Vagal gustatory reflex circuits for intraoral food sorting behavior in the goldfish: Cellular organization and neurotransmitters

Authors

  • Takanori Ikenaga,

    1. Rocky Mountain Taste & Smell Center, Department of Cell and Developmental Biology, University of Colorado Denver School of Medicine, Aurora, Colorado 80045
    Current affiliation:
    1. Laboratory of Biological Information I, Graduate School of Life Science, University of Hyogo, Ako-gun, Hyogo 678-1297, Japan
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  • Tatsuya Ogura,

    1. Rocky Mountain Taste & Smell Center, Department of Cell and Developmental Biology, University of Colorado Denver School of Medicine, Aurora, Colorado 80045
    2. Department of Biological Sciences, University of Maryland Baltimore County, Baltimore, Maryland 21250
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  • Thomas E. Finger

    Corresponding author
    1. Rocky Mountain Taste & Smell Center, Department of Cell and Developmental Biology, University of Colorado Denver School of Medicine, Aurora, Colorado 80045
    • Department of Cell and Developmental Biology, University of Colorado at Denver and Health Sciences Center, Mailstop 8108, P.O. Box 6511, Aurora, CO 80045
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Abstract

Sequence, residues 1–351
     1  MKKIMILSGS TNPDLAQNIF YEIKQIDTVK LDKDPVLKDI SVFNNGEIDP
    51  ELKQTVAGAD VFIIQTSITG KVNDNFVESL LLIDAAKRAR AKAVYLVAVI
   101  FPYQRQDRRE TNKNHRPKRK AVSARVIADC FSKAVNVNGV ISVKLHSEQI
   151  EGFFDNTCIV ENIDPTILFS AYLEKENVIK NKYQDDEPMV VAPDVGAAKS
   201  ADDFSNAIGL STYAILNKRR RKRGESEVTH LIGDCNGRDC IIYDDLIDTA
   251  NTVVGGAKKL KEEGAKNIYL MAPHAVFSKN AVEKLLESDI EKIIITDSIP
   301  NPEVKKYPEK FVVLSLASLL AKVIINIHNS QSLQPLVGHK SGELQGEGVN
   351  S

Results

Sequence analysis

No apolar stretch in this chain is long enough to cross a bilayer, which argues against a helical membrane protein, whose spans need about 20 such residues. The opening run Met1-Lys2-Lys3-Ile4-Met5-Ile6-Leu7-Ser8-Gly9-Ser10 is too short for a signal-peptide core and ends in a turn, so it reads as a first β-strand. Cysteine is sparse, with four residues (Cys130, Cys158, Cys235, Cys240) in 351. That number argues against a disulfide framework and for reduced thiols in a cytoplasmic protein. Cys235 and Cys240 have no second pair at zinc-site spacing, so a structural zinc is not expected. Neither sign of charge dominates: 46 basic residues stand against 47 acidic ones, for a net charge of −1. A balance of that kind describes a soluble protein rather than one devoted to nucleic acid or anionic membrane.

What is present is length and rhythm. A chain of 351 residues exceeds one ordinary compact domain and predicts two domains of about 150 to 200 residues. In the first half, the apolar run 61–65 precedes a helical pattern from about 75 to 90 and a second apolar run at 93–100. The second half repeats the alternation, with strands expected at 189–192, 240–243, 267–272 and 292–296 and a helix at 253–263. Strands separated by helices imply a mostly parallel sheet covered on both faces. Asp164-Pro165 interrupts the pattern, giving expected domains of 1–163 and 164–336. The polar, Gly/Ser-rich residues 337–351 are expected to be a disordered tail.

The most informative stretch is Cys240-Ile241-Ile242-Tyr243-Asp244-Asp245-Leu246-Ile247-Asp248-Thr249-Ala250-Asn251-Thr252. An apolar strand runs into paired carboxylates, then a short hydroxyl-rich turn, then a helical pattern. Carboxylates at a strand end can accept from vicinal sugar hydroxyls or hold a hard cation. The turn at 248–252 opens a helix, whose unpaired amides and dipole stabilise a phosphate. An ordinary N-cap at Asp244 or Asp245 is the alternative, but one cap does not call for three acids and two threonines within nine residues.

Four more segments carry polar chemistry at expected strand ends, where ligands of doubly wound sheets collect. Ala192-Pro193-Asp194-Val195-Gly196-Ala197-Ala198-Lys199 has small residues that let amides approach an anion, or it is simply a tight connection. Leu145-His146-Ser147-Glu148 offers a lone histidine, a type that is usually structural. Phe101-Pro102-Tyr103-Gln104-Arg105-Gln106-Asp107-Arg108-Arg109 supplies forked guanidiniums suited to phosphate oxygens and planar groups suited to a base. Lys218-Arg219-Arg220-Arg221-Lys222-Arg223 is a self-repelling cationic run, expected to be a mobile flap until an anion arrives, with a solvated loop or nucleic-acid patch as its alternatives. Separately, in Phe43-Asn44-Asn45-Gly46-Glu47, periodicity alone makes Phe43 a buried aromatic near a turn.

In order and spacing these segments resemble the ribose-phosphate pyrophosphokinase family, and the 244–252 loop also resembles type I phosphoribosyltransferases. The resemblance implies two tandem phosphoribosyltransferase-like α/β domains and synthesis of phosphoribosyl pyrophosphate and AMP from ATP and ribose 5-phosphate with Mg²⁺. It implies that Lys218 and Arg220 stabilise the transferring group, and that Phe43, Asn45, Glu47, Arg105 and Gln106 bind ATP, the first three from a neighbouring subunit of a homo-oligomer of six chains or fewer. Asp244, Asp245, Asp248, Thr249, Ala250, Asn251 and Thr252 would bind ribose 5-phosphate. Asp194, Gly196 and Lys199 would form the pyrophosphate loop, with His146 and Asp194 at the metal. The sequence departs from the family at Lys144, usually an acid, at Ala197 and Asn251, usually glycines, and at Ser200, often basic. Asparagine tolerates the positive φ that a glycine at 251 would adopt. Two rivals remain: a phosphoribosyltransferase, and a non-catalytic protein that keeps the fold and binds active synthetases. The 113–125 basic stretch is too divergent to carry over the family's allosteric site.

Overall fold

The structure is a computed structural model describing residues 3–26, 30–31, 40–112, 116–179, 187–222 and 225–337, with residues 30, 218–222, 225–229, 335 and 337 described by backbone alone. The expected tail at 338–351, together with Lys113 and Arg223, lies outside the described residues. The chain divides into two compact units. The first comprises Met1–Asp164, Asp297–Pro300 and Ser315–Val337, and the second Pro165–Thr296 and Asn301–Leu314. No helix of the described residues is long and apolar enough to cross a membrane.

The sense of taste is crucial in an animal's determination as to what is edible and what is not. This gustatory function is especially important in goldfish, who utilize a sophisticated oropharyngeal sorting mechanism to separate food from substrate material. The computational aspects of this detection are carried out by the medullary vagal lobe, which is a large, laminated structure combining elements of both the gustatory nucleus of the solitary tract and the nucleus ambiguus. The sensory layers of the vagal lobe are coupled to the motor layers via a simple reflex arc. Details of this reflex circuit were investigated with histology and calcium imaging. Biocytin injections into the motor layer labeled vagal reflex interneurons that have radially directed dendrites ramifying within the layers of primary afferent terminals. Axons of reflex interneurons extend radially inward to terminate onto both vagal motoneurons and small, GABAergic interneurons in the motor layer. Functional imaging shows increases in intracellular Ca++ of vagal motoneurons following electrical stimulation in the sensory layer. These responses were suppressed under Ca++-free conditions and by interruption of the axons bridging between the sensory and motor layers. Pharmacological experiments showed that glutamate acting via (±)-α-amino-3-hydroxy- 5-ethylisoxazole-4-propioinc acid (AMPA)/kainate and N-methyl-D-aspartic acid (NMDA) receptors mediate neurotransmission between reflex interneurons and vagal motoneurons. Thus, the vagal gustatory portion of the viscerosensory complex is linked to branchiomotor neurons of the pharynx via a glutamatergic interneuronal system. J. Comp. Neurol. 516:213–225, 2009. © 2009 Wiley-Liss, Inc.

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